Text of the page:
Residents living near Fort Stewart probably have noticed a little smoke recently. Bob Tanner, fire operations team leader for Fort Stewart’s Forestry Branch, said not to worry. He said the Army deliberately conducts “prescribed burns” in specific areas from March through June and over the Christmas holidays to prevent uncontrolled wildfires. Each area is burned on a three-year cycle, he said.
“Basically, we burn for the military mission and to protect endangered species,” said Tanner as he prepared to lead a prescribed-burn meeting with key “burn bosses” in the Forestry Branch conference room. “If we don’t burn (undergrowth like brush, leaves and pine straw), and a wildfire occurs, it’ll be more destructive. Prescribed burning is part of forest management.”
Tanner said prescribed burning mitigates fires caused by lightning or tracer rounds and flares during military training. Fire Operations Chief Tony Rubine said the success of prescribed burning is indicated by Fort Stewart not having lost a day of training due to wildfires since 2000. He said wildfires have dropped from 700 a year to about 100 a year. And though the Forest Branch has burned more than 1.1 million acres through prescribed burning since that time, there have been no “time lost” accidents while burning.
Tanner said he follows a prescription checklist before each burn, which includes up-to-date information on the weather, including wind speed and direction; temperature and relative humidity; forest fuel like brush, leaves and pine straw in the prescribed area; and structures that need to be protected, such as buildings, light poles, bridges and colonies of red-cockaded woodpeckers.
“We try to take into consideration who might be most affected by the smoke,” said Tanner, pointing out there are areas near I-95 that are infrequently burned due to the risk of smoke affecting traffic on the interstate. “Any wind shift could cause a problem,” he said.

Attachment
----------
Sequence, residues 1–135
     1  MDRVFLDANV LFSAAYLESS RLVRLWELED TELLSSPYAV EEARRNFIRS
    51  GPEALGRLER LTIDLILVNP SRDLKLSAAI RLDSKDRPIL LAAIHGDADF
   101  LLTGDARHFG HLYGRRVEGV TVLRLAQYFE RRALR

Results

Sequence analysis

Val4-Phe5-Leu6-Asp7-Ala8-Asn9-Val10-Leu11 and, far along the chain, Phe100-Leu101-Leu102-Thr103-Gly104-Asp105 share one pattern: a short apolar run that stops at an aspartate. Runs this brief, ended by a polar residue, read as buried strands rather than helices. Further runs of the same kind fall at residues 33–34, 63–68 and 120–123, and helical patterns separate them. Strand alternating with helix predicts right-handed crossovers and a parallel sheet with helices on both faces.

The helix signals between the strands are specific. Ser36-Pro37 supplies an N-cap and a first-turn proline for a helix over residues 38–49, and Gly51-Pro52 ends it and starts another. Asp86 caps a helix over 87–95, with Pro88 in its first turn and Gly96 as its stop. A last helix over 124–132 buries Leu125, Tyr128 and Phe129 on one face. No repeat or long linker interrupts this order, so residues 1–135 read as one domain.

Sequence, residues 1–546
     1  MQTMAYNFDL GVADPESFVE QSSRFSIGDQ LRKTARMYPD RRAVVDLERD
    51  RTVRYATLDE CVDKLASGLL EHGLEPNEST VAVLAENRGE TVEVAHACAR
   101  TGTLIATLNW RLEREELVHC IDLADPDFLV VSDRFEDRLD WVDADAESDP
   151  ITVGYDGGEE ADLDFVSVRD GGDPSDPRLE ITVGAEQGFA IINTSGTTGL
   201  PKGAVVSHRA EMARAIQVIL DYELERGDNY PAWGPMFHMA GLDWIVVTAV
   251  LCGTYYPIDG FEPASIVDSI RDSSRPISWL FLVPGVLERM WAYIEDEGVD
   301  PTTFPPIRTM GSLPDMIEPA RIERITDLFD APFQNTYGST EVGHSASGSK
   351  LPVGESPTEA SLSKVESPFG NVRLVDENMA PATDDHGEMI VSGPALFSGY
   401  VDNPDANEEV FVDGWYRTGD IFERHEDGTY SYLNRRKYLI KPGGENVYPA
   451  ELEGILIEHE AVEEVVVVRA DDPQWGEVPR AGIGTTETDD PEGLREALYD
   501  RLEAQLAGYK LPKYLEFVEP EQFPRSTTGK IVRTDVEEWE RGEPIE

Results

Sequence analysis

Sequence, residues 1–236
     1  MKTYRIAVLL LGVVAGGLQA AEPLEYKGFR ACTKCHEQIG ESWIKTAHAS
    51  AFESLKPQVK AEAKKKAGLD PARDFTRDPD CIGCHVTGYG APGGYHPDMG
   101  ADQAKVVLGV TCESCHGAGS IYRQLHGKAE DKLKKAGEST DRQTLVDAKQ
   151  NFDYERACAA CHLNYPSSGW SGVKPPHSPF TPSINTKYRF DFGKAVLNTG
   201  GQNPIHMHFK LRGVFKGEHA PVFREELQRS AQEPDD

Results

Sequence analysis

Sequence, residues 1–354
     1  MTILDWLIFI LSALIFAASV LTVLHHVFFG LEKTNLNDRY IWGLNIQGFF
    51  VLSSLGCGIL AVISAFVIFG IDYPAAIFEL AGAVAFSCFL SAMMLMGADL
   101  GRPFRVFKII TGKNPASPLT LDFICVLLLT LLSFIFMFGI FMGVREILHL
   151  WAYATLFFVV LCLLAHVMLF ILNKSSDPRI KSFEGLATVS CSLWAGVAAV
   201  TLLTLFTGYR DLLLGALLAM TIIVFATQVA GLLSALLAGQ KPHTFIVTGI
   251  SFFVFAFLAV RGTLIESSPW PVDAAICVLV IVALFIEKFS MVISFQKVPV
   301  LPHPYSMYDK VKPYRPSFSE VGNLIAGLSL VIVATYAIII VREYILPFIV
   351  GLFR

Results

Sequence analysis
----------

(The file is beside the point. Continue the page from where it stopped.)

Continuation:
Attending Tuesday’s meeting were helicopter pilot Gene Benson, aerial ignition specialist Russ Carter, burn bosses Curtis Bryant and Brad Tatum, and lead fire-tower person Caroline Fore. Information provided to these individuals soon sent them on their way to prep the more than 23,000 acres scheduled to be burned that day. He said that preparation includes cutting firebreaks along the border of the burn areas and gathering more weather information from the installation’s five remote weather stations.
Benson, who is retired from the Army and the U.S. Forest Service, said he’s been flying for 42 years. He said if sustained winds are no greater than 20 mph, he can safely fly and conduct aerial burns. As he flies over the prescribed-burn area, a machine shoots ping-pong-size balls down to the forest floor. Tanner said these balls are filled with potassium permanganate. Just prior to each burn, the balls are injected with ethylene glycol. Seconds after each ball hits the ground, it ignites, he said.
Rubine said usually before Benson begins his flyovers, crews working on the ground start back-burning fires along the border of the prescribed-burn area. These fires are started with drip torches or flame torches, he said. David Johnson and Kenneth Crews started such a back-burning fire by 11 a.m. Tuesday.
“The main thing I like to get across to my folks and the community is safety,” Rubine said. “We do not jeopardize safety. To do today’s burn, we started coordination back in October. We coordinate with Fort Stewart’s housing office, Range Control, Cultural Resource Management and Public Affairs Office.”
Early Friday afternoon Hinesville residents probably noticed ashes and smoke coming from the cantonment area of Fort Stewart. Public affairs spokesman Pat Young confirmed the ashes and smoke were from a controlled burn taking place six miles northwest of the cantonment area. He said the Forestry Branch received several calls about the smoke, but they wanted to assure the public it was a prescribed burn, and there would be some smoke along Highway 144 West.
Chief Forester Jeff Mangum and Timber Manager T.J. Quarles said it is important to inform and educate the public why prescribed burns are necessary. Rubine added a little smoke now is far better than clouds of smoke and destruction from a wildfire.